To the coach the destroyed my confidence,

You wanted to win, and there was nothing wrong with that. I saw it in your eyes if I made a mistake, you were not too happy, which is normal for a coach. Turnovers happen. Players miss shots. Sometimes the girl you are defending gets past you. Sometimes your serve is not in bounds. Sometimes someone beats you in a race. Sometimes things happen. Players make mistakes. It is when you have players scared to move that more mistakes happen.

I came on to your team very confident in the way that I played the game. Confident, but not cocky. I knew my role on the team and I knew that there were things that I could improve on, but overall, I was an asset that could've been made into an extremely great player.

You paid attention to the weaknesses that I had as a player, and you let me know about them every time I stepped onto the court. You wanted to turn me into a player I was not. I am fast, so let me fly. You didn't want that. You wanted me to be slow. I knew my role wasn't to drain threes. My role on the team was to get steals. My role was to draw the defense and pass. You got mad when I drove instead of shot. You wanted me to walk instead of run. You wanted me to become a player that I simply wasn't. You took away my strengths and got mad at me when I wasn't always successful with my weaknesses.

You did a lot more than just take away my strengths and force me to focus on my weaknesses. You took away my love for the game. You took away the freedom of just playing and being confident. I went from being a player that would take risks. I went from being a player that was not afraid to fail. Suddenly, I turned into a player that questioned every single move that I made. I questioned everything that I did. Every practice and game was a battle between my heart and my head. My heart would tell me to go to for it. My heart before every game would tell me to just not listen and be the player that I used to be. Something in my head stopped me every time. I started wondering, "What if I mess up?" and that's when my confidence completely disappeared.

Because of you, I was afraid to fail.

You took away my freedom of playing a game that I once loved. You took away the relaxation of going out and playing hard. Instead, I played in fear. You took away me looking forward to go to my games. I was now scared of messing up. I was sad because I knew that I was not playing to my fullest potential. I felt as if I was going backward and instead of trying to help me, you seemed to just drag me down. I'd walk up to shoot, thinking in my head, "What happens if I miss?" I would have an open lane and know that you'd yell at me if I took it, so I just wouldn't do it.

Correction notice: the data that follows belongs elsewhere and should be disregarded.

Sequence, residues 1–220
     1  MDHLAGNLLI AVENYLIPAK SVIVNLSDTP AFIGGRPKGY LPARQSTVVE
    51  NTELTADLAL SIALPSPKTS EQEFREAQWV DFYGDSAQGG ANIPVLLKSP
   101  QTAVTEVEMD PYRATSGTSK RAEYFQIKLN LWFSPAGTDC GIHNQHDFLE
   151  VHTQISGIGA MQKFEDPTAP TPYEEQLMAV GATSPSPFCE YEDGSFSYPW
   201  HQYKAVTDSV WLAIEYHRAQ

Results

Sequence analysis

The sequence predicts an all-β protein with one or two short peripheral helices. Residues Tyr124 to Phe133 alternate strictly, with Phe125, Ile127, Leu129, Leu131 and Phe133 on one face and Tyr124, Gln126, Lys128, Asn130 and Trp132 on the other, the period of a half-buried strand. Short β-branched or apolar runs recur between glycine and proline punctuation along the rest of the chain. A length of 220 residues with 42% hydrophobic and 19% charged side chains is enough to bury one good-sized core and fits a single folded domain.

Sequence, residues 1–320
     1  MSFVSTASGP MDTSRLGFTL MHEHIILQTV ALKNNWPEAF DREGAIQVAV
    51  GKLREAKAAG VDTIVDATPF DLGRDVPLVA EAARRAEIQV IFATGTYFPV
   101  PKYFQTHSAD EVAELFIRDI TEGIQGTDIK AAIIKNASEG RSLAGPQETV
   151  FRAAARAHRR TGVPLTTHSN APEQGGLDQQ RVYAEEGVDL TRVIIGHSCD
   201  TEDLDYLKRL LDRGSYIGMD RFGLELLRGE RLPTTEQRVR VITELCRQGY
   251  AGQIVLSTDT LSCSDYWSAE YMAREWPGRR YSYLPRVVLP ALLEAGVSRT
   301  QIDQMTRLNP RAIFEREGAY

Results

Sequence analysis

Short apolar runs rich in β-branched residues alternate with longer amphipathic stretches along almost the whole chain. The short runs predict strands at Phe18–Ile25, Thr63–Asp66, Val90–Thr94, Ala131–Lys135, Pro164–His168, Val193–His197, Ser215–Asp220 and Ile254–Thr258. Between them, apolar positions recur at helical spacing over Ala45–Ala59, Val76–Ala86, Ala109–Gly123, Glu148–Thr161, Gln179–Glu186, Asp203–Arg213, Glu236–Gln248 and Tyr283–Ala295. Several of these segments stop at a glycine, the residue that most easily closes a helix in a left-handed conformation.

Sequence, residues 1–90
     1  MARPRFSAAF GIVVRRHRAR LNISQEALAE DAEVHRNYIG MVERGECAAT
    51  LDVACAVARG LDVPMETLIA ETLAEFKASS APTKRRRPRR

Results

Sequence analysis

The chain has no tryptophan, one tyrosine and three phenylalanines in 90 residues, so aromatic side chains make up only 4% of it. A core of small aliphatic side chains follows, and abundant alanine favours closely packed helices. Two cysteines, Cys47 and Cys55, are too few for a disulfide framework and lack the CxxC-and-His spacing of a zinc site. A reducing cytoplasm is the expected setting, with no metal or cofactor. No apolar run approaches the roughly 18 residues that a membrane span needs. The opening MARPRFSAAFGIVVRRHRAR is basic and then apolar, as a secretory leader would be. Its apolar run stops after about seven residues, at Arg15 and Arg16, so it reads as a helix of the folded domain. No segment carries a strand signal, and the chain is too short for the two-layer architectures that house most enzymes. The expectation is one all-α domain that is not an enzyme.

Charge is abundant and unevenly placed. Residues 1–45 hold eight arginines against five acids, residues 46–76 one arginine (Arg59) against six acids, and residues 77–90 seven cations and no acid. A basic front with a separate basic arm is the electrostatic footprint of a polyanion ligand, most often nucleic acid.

SEE ALSO: The Coach That Killed My Passion

The fight to get my confidence back was a tough one. It was something I wish I never would've had to do. Instead of becoming the best player that I could've been, I now had to fight to become the player that I used to be. You took away my freedom of playing a game that I loved. You took away my good memories in a basketball uniform, which is something I can never get back. You can be the greatest athlete in the world, but without confidence, you won't go very far.

Cover Image Credit: Christina Silies

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5 Awesome Tweets For The City Of Champions

Boston has done it again this week with yet another Championship Title

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I have grown up in Boston during a time where all of their sports teams have thrived. Since 2002, one of our major sports team has won a championship title every year. This past week the Boston Red Sox won the World Series, and Boston fans are yet again going crazy over their city of championships. Here are some awesome tweets that have been released about the city's amazing streak.

1.@PatriotsSBLII

"The Red Sox ended a 630-day championship drought for the only city that measures its championship drought in days."

2. @sargvn

"How lucky are we to live in New England where we piss excellence."

3. @stoolpresidente

"My favorite part of being from Boston is being better than everybody else."

4. @Ian_OConnor

"On 10/17/04, the Red Sox entered 9th inn of ALCS Game 4 down 0-3 & 1 run to greatest closer ever, about to go 86 years w/o a title. They've won 4 World Series w/3 managers since that night. The haunted franchise now haunts everyone else."


@AdamMKaufman "The #Patriots won last night. The #Celtics and #Bruins won tonight.
The #RedSox #WorldSeries parade is tomorrow. Boston fans are dressing as winners for Halloween."